Posted on February 4, 2012 by Derek Kwait
(X-posted from my home blog, Yinzer in Yerushalayim) I decided to challenge myself this semester, to fully take advantage of my time here by trying new Jewish things and getting outside my comfort zones. Since every subject of Torah has its own special jargon, world view, sources, legends, authorities, inside jokes, the result has been Continue Reading »
Posted on January 16, 2012 by Aliza B.
I think it was during high school that Rabbi Gabi Meyer came to Boulder, and spoke about his work creating peace in Israel. I remember being enthralled. He is an incredible being. I remember that at the shul, there were Hebrew speakers and Spanish speakers and English speakers and he was going back and forth Continue Reading »
Posted on April 5, 2011 by David Bogomolny
On his 40th birthday, during a silent Shambhala meditation retreat on a mountain in Vermont, Jonathan (’09-’10, Fellows ’10-’11) asked himself, “what do I really want to do?” And the answer came to him, “I want to study Torah in Israel.” Soon thereafter, Jonathan applied to Pardes, and received the nicest e-mail from Dr. Meesh Hammer-Kossoy that he had ever received Continue Reading »
Posted on February 23, 2011 by Aviva P.
by Michael Kleinman All things pray, like the plant growing toward the sun. So the human tries to grow his mind and heart back to his Source, who is Hashem, and what we are praying for is to know our Higher Self. We are praying with the desire to release our mental projection of our Continue Reading »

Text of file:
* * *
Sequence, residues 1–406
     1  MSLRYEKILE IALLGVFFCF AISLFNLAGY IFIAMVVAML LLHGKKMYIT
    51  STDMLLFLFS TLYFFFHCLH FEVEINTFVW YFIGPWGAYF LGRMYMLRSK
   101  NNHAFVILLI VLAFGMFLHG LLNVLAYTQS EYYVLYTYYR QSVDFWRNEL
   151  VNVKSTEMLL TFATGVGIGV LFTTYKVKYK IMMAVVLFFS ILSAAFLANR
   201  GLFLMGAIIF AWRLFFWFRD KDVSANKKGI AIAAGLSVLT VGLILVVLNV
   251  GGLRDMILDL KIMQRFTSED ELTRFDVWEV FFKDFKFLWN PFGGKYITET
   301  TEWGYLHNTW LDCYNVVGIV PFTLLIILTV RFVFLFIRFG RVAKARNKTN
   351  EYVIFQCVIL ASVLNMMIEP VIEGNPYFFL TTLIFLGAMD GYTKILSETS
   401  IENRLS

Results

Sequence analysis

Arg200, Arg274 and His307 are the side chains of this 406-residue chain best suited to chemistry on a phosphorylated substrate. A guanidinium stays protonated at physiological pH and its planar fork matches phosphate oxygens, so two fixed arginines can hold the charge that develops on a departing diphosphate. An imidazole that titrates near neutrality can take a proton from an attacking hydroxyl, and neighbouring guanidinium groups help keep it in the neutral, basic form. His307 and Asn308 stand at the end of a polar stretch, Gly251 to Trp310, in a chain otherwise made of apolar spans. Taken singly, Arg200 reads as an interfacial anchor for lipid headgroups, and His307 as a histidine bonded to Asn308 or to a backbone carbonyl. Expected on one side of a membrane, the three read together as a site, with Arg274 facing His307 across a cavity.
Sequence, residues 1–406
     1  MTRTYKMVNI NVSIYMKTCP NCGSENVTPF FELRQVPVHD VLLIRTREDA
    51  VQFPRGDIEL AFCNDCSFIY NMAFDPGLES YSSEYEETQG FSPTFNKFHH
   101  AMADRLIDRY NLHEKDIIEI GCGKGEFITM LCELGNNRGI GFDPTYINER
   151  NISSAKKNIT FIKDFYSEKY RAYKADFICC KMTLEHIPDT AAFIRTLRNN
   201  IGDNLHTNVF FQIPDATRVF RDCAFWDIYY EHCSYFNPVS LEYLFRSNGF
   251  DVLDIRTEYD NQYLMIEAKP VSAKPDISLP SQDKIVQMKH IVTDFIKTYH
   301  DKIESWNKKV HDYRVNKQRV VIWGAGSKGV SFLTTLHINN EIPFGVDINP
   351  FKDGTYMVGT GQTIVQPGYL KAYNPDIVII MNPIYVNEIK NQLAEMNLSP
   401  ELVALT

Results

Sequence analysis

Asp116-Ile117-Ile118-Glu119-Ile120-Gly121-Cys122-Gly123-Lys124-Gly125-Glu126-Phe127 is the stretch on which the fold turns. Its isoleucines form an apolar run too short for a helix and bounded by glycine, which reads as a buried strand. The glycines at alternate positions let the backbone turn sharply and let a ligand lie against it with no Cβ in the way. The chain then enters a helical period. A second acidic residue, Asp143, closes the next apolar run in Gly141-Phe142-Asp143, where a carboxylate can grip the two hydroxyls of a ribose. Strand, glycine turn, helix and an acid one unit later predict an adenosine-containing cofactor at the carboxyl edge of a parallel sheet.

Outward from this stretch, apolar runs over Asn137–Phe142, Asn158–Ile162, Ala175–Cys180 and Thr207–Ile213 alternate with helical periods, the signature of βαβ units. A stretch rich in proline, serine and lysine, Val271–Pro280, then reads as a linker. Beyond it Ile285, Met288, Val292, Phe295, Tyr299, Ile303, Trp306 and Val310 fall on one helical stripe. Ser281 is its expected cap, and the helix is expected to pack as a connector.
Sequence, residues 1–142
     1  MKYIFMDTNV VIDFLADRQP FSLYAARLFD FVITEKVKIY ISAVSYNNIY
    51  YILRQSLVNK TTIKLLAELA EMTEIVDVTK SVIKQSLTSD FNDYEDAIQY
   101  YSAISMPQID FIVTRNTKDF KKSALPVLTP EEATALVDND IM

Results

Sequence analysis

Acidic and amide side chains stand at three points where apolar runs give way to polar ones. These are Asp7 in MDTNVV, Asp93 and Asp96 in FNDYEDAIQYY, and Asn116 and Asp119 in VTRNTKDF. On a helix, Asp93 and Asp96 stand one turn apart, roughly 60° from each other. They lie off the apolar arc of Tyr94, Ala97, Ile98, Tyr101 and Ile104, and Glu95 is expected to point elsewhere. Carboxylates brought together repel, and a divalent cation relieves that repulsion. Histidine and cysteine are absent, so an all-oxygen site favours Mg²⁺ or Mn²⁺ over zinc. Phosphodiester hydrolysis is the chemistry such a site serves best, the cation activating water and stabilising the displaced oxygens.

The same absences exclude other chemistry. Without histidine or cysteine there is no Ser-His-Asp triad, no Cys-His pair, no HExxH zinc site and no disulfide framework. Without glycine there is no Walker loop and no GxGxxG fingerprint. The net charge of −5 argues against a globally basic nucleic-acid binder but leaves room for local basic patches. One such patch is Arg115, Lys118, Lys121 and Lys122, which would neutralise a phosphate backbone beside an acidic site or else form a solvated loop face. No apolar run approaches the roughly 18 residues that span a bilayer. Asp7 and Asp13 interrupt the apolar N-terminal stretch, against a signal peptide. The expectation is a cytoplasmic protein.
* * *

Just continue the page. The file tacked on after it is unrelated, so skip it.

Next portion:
Posted on November 8, 2010 by Michael
I am reading a fascinating book by Aryeh Kaplan called Jewish Meditation. It is practical as a guide to develop the spirit through at least thirty minutes of daily meditation in a completely Jewish manner. By the way, he talks about how the central prayer of Judaism, the Shemonah Esrei (meaning 18 prayers), otherwise known Continue Reading »
Posted on February 20, 2010 by David Bogomolny
Pardes is a very academic institution, which puts tremendous emphasis upon Jewish text study. Morning classes alternate between Talmud (or Mishnah) study & Chumash study, and the afternoon classes, which are subject-based, are also grounded in Jewish texts (Tanakh, Mishnah Berurah, Midrash, etc.). Unlike some other traditional Jewish learning institutions, Pardes does not aim to Continue Reading »